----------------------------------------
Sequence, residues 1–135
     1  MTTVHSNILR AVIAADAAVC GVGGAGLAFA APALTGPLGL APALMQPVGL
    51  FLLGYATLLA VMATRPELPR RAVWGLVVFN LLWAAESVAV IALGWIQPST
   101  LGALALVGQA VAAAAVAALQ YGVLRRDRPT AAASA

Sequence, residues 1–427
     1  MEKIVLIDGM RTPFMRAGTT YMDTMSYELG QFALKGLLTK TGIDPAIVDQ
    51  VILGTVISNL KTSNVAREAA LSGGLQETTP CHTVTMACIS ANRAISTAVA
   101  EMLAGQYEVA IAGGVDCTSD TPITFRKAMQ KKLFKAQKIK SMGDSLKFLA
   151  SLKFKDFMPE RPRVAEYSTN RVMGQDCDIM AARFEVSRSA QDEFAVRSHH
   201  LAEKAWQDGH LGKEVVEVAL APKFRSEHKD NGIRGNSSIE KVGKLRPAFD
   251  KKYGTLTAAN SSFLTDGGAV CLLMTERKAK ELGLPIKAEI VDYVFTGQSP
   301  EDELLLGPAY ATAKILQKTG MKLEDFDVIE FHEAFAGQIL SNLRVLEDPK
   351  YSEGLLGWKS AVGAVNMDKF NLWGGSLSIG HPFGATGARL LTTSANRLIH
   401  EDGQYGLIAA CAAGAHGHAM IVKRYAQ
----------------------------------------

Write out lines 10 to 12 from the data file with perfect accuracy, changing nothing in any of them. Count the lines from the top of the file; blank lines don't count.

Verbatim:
   201  LAEKAWQDGH LGKEVVEVAL APKFRSEHKD NGIRGNSSIE KVGKLRPAFD
   251  KKYGTLTAAN SSFLTDGGAV CLLMTERKAK ELGLPIKAEI VDYVFTGQSP
   301  EDELLLGPAY ATAKILQKTG MKLEDFDVIE FHEAFAGQIL SNLRVLEDPK